Experts say it is actually possible to microwave a turkey – here’s how you do it

Twisted: Unserious food tastes seriously good.

During the preamble to Thanksgiving 2018, social media has been awash with a very specific type of trolling. All over America, teenage sons have been making their mothers’ and fathers’ lives a living hell by doing something unspeakable to the meal’s main attraction. If there’s one thing that’s likely to terrify an already flustered chef, it is the prospect of their turkey being put in the microwave.

Given how precise the dark art of turkey cookery appears to the average lay-person, nuking it for a few minutes feels like a disaster waiting to happen. But, incredible though it may seem, it turns out that the threats of turkey annihilation may actually be more empty than they first appear.

Experts from “Butterball”, the American frozen and fresh turkey specialists have revealed that it actually is perfectly possible to cook a sizeable turkey in the microwave, provided you adopt the right technique. To panicking parents, faced with the prospect a broken oven before the biggest meal of the year, this surprising news will doubtless come as quite a relief.

According to an email received by INSIDER, the first stage of prep involves ensuring that your bird is thoroughly thawed before it goes into the microwave. Once you’re certain it is ice-free, the turkey should then be placed breast down on microwaveable plate, before being blasted on full power for four minutes per pound.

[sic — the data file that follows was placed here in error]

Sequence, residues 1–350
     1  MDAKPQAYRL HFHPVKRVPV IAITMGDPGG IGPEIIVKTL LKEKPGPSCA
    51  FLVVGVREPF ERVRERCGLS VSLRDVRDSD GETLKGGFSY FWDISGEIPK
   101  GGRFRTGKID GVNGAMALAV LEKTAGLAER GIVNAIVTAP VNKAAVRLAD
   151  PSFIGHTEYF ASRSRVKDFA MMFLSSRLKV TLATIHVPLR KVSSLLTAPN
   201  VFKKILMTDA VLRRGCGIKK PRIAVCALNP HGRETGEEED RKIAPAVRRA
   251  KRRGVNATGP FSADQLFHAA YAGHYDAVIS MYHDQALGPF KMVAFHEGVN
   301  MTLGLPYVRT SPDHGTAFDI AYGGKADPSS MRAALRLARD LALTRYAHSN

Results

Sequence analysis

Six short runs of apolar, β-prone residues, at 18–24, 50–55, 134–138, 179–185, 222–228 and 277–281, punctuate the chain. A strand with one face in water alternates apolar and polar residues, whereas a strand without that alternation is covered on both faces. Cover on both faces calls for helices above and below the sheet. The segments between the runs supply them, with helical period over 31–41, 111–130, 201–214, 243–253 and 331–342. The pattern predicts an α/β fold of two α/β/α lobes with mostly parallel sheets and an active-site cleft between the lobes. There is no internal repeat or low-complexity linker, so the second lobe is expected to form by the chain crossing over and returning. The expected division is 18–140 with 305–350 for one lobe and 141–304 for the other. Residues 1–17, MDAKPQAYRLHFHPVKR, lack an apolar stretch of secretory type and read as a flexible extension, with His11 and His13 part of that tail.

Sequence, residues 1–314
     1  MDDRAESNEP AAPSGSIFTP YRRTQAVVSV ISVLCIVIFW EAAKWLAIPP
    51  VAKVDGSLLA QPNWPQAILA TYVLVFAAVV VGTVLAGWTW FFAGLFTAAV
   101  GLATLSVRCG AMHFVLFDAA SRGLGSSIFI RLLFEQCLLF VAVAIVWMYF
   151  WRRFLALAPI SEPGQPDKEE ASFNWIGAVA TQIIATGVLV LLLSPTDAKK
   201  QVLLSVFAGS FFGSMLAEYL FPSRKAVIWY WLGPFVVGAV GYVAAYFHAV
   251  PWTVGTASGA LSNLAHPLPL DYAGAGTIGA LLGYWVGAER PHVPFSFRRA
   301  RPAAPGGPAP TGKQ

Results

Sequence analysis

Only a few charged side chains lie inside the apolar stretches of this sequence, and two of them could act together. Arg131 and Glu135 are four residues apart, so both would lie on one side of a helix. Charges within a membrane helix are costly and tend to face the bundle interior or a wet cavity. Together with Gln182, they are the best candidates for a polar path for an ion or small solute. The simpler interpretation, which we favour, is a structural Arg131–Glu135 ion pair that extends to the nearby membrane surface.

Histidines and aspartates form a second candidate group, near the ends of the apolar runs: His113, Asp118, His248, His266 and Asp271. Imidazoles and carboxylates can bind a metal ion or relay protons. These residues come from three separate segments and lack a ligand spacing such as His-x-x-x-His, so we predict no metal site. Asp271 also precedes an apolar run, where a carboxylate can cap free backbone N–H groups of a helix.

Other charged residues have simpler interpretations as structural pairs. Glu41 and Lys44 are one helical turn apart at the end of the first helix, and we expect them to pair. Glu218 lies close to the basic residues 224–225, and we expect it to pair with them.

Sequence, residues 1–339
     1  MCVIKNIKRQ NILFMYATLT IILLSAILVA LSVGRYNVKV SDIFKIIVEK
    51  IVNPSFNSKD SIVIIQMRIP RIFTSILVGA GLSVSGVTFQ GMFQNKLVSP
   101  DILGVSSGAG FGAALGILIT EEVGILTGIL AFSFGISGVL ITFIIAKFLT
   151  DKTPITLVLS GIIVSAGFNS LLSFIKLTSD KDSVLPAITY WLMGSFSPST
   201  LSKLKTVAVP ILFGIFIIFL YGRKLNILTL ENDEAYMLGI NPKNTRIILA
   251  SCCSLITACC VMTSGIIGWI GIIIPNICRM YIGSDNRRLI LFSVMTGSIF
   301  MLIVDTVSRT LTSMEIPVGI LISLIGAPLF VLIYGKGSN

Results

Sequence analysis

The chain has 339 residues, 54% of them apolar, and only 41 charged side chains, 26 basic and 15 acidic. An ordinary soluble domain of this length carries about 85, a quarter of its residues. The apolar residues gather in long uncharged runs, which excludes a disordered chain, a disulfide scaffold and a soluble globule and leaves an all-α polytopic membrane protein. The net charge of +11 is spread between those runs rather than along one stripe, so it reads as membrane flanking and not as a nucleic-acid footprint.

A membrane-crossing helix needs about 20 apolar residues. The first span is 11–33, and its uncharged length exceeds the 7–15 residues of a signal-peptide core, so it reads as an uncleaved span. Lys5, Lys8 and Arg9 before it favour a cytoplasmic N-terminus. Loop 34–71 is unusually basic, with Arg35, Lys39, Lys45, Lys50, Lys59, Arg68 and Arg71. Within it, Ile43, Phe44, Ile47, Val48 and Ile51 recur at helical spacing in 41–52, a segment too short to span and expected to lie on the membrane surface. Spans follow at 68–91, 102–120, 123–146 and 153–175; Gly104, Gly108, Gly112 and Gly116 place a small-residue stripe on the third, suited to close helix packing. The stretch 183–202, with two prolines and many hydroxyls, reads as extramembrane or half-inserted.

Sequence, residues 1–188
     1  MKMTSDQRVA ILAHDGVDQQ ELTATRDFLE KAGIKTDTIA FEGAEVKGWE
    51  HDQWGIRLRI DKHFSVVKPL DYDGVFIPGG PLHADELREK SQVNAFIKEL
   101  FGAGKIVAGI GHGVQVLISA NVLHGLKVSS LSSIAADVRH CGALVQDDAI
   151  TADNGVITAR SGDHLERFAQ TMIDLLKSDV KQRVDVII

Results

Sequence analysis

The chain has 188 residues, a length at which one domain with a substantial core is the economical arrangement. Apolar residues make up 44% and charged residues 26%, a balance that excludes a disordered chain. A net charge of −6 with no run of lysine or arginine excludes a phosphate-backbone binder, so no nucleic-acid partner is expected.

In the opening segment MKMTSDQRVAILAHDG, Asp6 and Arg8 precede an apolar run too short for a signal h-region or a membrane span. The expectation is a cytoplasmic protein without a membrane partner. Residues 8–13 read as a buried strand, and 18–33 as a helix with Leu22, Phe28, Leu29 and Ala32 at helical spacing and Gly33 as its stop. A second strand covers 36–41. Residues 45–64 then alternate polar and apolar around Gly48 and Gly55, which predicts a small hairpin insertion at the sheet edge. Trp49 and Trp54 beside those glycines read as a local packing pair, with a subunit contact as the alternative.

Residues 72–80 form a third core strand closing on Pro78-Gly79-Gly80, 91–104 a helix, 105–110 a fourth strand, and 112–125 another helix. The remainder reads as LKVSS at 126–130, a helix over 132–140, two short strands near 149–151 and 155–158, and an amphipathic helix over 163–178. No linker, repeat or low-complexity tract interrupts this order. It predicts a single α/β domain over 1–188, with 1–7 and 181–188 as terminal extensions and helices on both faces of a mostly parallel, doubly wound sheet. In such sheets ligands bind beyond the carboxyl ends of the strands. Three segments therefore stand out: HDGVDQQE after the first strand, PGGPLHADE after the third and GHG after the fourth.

After this period has passed, the partially cooked bird should be taken out, have any excess drippings removed, and then basted with natural juices or browning sauce. This will help to ensure you get a golden skin by the end of the process. The turkey should then be flipped and returned to the microwave for eight minutes per pound, this time on 50% power. Cook’s should take note to pause the process every 18 minutes in order to baste and check temperature. According to the Butterball experts, “the turkey is ready and safe to eat when it reaches a temperature of 180 to 185 degrees Fahrenheit in the thigh and 170 to 175 degrees in the breast.

All this sounds like a potential shortcut to making Thanksgiving significantly more straightforward. However, there do seem to be a few drawbacks to the method. Those that have trialled it for themselves claim that the end result is nowhere near as aesthetically pleasing as the traditional alternative. In addition, Butterball state categorically that the technique only works for smaller birds, and should not be attempted on anything above 12lbs. This is obviously unhelpful for anyone looking to feed a larger group.

Clearly, this technique won’t work for everyone. After you’ve slaved away for hours in front of a stove, it would take a very brave chef indeed to decide to chance their arm in the microwave. Nonetheless, it’s good to know that if it does all go wrong, you have a get out jail free card.